BAMAKO, Mali, May 31 (Thomson Reuters Foundation) - One in four of the world's children - at least 700 million - have had their childhood cut short by factors ranging from illness and conflict to child marriage and being out of school, Save the Children said on Wednesday.
The hardest-hit children live in West and Central Africa - which accounted for seven of the 10 bottom-ranked countries in Save the Children's first 'End of Childhood' index, ranking 172 nations by where childhood is most intact or eroded.
Niger, Angola and Mali were the worst-ranked countries for children in the annual index, which was topped by Norway, Slovenia and Finland.
Most of the affected 700 million children live in disadvantaged communities in developing countries, where they have been bypassed by progress in health, education and technology that has improved the lives of many of their peers, the charity said.
"Many of these children suffer from a toxic mix of poverty and discrimination, and experience several childhood enders," Save the Children International's Chief Executive Helle Thorning-Schmidt told the Thomson Reuters Foundation.
Here are some facts about the plight of children worldwide:
* More than one in six school-age children - 263 million - are out of education
* An estimated 168 million children are involved in child labour, half of whom are doing hazardous work such as mining, scavenging and working in textile factories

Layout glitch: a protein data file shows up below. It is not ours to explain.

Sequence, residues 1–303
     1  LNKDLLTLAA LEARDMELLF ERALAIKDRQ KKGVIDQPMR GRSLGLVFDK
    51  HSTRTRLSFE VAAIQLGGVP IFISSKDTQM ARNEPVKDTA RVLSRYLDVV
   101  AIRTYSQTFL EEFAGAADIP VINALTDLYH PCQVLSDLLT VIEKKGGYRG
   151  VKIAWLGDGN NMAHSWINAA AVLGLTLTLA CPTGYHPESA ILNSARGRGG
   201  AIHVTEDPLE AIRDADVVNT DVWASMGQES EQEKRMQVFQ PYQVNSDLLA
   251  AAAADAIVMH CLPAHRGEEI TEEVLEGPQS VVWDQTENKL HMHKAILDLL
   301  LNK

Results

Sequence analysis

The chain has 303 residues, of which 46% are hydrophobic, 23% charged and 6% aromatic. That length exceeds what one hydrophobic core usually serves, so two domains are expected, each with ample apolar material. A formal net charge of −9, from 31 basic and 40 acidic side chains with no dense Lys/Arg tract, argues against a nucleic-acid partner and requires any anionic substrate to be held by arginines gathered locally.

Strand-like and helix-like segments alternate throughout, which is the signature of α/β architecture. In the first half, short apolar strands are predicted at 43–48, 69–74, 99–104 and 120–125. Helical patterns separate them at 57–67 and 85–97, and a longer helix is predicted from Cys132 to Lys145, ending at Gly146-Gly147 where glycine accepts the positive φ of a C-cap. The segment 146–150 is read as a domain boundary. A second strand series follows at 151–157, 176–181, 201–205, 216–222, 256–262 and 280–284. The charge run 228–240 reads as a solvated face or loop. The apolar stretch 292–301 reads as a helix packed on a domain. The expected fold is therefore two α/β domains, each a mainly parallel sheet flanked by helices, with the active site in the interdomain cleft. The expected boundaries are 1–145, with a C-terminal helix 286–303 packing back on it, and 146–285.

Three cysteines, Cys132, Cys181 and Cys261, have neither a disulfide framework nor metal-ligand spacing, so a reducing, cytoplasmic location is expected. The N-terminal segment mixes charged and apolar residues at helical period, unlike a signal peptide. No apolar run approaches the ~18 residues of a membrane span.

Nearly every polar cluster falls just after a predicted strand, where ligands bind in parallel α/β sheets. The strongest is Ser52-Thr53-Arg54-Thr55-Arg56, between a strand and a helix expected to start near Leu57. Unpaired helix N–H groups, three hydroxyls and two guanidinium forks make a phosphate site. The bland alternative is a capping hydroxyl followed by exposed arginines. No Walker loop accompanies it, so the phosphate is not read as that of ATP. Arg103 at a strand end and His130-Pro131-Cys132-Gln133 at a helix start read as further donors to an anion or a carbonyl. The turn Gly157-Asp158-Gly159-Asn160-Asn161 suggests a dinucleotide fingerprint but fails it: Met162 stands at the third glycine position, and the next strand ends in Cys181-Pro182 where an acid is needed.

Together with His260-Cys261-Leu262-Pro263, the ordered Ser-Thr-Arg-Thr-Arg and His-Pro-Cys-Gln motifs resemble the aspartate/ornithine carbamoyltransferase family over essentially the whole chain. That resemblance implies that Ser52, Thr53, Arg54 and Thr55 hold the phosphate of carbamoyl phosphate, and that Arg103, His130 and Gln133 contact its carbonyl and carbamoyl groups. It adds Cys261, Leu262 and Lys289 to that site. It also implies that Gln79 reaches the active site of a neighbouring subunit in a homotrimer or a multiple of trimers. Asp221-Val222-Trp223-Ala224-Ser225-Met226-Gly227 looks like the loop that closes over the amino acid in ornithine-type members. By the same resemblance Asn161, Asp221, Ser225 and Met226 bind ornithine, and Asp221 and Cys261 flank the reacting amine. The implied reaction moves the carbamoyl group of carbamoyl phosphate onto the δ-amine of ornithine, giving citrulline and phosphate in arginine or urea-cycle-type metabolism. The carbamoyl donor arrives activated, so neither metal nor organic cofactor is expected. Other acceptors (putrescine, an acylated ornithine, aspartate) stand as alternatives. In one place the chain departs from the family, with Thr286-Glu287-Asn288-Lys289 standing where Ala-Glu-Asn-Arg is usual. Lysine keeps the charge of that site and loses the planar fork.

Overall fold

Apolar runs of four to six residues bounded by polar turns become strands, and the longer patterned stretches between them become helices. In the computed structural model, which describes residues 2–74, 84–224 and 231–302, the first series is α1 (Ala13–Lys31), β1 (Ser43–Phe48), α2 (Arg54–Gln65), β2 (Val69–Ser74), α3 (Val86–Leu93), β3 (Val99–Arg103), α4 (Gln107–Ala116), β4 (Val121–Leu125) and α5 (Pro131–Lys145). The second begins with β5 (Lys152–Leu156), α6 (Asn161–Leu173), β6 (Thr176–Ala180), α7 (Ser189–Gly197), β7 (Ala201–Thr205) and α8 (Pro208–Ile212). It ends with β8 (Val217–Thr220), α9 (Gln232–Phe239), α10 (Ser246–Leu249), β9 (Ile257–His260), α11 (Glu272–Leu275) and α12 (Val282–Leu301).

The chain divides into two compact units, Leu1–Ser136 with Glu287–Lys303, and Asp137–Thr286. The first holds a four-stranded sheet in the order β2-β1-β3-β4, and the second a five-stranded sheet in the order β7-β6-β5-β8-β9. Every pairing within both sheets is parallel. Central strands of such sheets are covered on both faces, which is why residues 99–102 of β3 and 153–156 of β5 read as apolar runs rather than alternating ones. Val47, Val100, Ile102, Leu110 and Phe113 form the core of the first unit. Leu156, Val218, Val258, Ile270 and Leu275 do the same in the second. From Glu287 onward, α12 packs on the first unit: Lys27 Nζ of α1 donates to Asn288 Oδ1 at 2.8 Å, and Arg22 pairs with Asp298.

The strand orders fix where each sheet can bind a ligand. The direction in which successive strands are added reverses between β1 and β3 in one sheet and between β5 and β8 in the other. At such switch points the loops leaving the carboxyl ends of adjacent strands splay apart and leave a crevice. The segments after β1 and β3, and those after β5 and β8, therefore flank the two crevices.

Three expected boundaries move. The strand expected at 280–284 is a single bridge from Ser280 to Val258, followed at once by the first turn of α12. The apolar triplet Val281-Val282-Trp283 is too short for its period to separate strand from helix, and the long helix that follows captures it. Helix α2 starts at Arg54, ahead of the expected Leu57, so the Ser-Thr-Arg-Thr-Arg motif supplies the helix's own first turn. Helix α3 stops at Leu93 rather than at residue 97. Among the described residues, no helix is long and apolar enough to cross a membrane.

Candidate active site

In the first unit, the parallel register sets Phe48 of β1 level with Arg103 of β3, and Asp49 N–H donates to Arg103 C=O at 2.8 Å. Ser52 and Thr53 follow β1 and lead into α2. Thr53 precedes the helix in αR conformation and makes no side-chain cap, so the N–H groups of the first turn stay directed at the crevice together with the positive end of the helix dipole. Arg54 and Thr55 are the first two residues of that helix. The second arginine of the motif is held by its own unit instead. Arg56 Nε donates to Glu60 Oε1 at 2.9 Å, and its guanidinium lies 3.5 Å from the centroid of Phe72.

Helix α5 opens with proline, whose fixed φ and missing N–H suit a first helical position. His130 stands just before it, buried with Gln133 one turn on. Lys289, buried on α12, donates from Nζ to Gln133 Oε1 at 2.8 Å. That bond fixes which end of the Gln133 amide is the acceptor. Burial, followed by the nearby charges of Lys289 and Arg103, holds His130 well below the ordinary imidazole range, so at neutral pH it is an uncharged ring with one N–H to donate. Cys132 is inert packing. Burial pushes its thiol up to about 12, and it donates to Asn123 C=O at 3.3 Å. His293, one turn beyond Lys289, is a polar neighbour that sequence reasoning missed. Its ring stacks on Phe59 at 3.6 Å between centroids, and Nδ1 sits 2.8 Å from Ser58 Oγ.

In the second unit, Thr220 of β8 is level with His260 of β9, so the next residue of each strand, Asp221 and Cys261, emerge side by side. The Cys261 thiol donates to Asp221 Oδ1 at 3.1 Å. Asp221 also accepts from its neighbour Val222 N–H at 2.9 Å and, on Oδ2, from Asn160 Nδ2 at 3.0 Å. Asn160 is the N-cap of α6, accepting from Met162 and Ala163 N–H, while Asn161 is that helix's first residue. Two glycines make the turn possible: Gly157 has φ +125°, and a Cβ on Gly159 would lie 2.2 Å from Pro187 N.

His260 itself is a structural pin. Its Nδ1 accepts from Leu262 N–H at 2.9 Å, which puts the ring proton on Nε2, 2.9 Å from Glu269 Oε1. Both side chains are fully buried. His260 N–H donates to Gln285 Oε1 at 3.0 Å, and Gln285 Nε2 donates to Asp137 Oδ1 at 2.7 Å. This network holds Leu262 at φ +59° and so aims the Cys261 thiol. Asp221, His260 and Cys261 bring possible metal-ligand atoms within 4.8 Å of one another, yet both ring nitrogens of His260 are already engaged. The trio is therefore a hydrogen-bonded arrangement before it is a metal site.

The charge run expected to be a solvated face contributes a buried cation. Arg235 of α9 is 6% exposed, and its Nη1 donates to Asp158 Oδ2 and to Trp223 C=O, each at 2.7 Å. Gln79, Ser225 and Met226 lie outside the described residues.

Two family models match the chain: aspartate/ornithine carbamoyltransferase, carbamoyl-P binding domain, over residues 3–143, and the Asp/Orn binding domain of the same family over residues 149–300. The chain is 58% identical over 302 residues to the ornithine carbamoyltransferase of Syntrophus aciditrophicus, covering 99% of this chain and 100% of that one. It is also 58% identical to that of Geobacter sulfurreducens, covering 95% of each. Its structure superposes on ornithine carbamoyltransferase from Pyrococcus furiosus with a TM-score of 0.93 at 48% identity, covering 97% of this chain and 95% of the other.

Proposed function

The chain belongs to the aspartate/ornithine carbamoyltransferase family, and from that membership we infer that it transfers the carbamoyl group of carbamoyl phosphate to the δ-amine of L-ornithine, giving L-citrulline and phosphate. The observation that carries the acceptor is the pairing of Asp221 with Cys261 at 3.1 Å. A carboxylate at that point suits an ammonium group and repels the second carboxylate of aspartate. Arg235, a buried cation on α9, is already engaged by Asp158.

* A quarter of the world's children aged under five - about 156 million - have stunted growth due to malnutrition
* At least 15 million girls are married each year before the age of 18, four million of whom are wed before turning 15
* Conflict and persecution have forced 28 million children to flee their homes, with 11 million living as refugees or asylum seekers, and 17 million internally displaced
* About 16 million girls give birth between the ages of 15 and 19 each year, and one million deliver when younger than 15
* At least six million children aged under five die each year
* More than 75,000 children aged under 20 were murdered in 2015. Sources: Save the Children, World Health Organization (WHO), United Nations Children's Fund (UNICEF) (Reporting By Kieran Guilbert, Editing by Belinda Goldsmith; Please credit the Thomson Reuters Foundation, the charitable arm of Thomson Reuters, that covers humanitarian news, women's rights, trafficking, property rights, climate change and resilience. Visit news.trust.org)